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Sunday 5 November 2023 Fourth before Advent

The levers of power

1 Thessalonians 2:9-13

By Trevor Jamison

Minister, Saint Columba’s United Reformed Church (URC), North Shields

Context: a Sunday morning service in a town-centre URC in the North of England, with fifty to sixty adults in the congregation

Aim: to affirm healthy approaches to church leadership in the contemporary context

I once heard a church leader speak about their experience of being appointed to a prominent role in their church denomination. They reported that the first time a denominational crisis arose they responded by swiftly applying all the levers of power that their new office commanded, only to discover that they were not attached to anything! Local church leaders may recognise that experience.
Writing to Christians in the city of Thessaloniki, the Apostle Paul shared with them his deep concern that ‘you should lead a life worthy of God, who calls you into his kingdom of glory.’ Christian leaders today, whether at denominational or local church level, share Paul’s desire, but how do you get individuals and congregations to live lives worthy of God when the usual ‘levers of power’ are not attached to anything?
After all, church-going today is a voluntary activity by and large. Leaders who attempt to enforce a godly lifestyle (however they might define that) are liable to empty churches, thus undermining their own best intentions. But in any case, why be authoritarian when Paul provides us with a much better approach?
For Paul, leadership begins with leaders setting the example. He points to what the Thessalonian Christians had observed in him and his companions in ministry: ‘You are witnesses, and God also, how pure, upright, and blameless our conduct was toward you believers’. Of course, any temptation to boasting by church leaders is to be avoided, and I’d be wary of describing myself to you as pure, upright and blameless, in case you all burst into laughter.
That said, when issuing commands won’t work, leaders who lead by good example are more liable to get others to follow. Especially, leaders who want Christian congregations to live lives worthy of God need to start with their own lives and lifestyle.
And good examples then need to be combined with persuasion. For some, the Apostle Paul comes across as an authoritarian figure. I wonder to what extent they feel this because of what he wrote or because of what they have heard others say about him? Here, in these verses at least, Paul is anything but authoritarian. He writes, ‘we dealt with each one of you like a father with his children, urging and encouraging you and pleading that you lead a life worthy of God’.
Urging, encouraging and pleading – that’s the language of persuasion, not command. Here, leadership is grounded in warm, personal relationships, described as akin to that of a parent with a child. If Paul’s language of fatherhood jars with you, by the way, feel free to replace it with ‘mother’, ‘older sibling’, or ‘trusted friend’. After all, his focus here is upon leadership which seeks to persuade on the basis of love, rather than relating through orders issued and obeyed within an unequal relationship of power.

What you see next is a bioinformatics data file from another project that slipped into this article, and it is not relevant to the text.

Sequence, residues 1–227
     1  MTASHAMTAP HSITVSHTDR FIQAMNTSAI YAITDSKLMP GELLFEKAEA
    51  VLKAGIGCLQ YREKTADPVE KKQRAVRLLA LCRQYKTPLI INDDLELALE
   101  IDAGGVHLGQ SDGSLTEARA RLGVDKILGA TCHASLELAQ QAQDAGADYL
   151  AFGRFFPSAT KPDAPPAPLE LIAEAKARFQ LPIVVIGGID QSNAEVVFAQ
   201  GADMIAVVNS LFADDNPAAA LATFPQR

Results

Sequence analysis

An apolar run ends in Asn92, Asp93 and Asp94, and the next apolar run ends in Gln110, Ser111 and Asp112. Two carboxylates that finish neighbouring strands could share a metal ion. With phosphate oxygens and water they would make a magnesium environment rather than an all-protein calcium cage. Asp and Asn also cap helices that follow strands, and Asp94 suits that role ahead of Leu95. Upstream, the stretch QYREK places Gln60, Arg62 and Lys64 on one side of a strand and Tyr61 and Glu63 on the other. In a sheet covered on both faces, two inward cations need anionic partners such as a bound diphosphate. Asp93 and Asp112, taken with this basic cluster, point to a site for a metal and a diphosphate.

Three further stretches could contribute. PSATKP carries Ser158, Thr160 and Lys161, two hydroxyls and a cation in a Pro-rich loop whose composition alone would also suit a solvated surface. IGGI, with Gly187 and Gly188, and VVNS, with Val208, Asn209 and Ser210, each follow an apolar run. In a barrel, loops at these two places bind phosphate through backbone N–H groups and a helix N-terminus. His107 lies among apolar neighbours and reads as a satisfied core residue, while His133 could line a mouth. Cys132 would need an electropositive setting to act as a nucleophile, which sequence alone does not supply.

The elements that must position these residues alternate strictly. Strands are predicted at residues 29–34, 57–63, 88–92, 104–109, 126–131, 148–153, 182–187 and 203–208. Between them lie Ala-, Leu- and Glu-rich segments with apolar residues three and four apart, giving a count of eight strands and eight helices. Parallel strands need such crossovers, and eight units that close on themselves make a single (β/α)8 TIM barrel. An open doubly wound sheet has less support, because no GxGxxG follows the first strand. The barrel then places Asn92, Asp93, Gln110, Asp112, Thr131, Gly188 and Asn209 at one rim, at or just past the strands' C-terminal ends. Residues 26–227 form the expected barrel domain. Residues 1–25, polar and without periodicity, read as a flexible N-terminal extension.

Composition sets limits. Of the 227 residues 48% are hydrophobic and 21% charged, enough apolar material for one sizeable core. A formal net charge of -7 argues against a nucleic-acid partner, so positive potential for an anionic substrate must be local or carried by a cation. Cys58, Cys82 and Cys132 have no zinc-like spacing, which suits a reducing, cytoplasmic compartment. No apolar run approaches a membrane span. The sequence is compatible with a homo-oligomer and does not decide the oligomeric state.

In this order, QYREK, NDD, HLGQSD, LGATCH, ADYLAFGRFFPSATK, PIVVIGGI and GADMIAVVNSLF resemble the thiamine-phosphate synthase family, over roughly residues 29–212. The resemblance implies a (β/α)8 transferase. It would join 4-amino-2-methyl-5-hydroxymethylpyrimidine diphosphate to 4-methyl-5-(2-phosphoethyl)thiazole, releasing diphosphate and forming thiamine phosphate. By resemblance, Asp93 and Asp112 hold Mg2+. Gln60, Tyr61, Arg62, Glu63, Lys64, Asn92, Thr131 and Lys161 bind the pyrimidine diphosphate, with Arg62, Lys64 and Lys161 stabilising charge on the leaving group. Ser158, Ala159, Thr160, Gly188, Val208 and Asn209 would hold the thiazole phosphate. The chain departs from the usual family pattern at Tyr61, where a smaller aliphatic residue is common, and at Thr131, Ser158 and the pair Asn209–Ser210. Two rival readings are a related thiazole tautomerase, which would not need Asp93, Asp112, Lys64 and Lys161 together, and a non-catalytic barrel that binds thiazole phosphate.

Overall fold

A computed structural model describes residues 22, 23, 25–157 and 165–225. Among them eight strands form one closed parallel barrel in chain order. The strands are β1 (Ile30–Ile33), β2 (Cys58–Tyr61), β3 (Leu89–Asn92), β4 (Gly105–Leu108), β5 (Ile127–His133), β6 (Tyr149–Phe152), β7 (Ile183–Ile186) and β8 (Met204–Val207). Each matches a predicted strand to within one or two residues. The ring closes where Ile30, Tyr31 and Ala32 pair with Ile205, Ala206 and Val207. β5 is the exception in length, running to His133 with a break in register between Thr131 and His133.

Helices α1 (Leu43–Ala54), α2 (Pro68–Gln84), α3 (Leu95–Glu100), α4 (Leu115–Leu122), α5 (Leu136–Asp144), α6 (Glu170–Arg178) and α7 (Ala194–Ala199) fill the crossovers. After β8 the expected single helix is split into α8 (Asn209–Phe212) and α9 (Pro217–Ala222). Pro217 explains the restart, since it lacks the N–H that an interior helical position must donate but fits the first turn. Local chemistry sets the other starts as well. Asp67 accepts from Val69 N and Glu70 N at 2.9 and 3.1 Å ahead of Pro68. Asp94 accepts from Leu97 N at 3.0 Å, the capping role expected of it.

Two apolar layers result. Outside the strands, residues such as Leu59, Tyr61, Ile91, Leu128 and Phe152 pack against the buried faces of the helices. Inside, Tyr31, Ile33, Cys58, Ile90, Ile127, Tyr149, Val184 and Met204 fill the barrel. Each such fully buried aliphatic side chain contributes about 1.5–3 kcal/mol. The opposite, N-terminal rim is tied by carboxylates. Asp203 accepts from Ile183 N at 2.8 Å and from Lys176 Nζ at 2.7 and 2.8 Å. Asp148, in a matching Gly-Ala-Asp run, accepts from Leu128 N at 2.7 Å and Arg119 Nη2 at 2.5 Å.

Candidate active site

The option of Christian leadership which restricts itself to setting the example and seeking to persuade, rather than pulling levers of power, sits strangely in comparison to how governments and many other institutions work today. It also feels different from how many churches have worked in the past, and from what some within them continue to hanker for today. Yet both practically and in principle this alternative approach may serve us well.
Practically, we live in an age when the old-fashioned political and social authority of the church has diminished. This has happened across the centuries, and even within the lifetime of many of us who are here today. Whether we like it or not, the opportunity for church leaders to lead in an authoritarian manner has much diminished. (Victims of continuing authoritarianism in church life hope and pray for this process to continue, and we should all join them in praying for that.) It also benefits church leaders when opportunities to strike attitudes or take actions not worthy of God are removed from them.
Then, finally, not only is example-based, persuasive-powered church leadership good in practice, it also works out in principle! For after all, what did Paul commend here, in his letter to the Thessalonian Christians, but to follow in the footsteps of his Saviour and Lord? Jesus was the one who did not stand upon status (Philippians 2:6). Jesus was the one who set the example, persuading others through a life characterised by not expecting to be served but serving others (Mark 10:45).
So yes, along with Paul, and following in the footsteps of Jesus, we look for Christian leaders who set the example, and who seek to persuade through warm relationships. These are the true ‘levers of power’ our leaders have at their command today, so may they use them to help us all live lives that are worthy of God.


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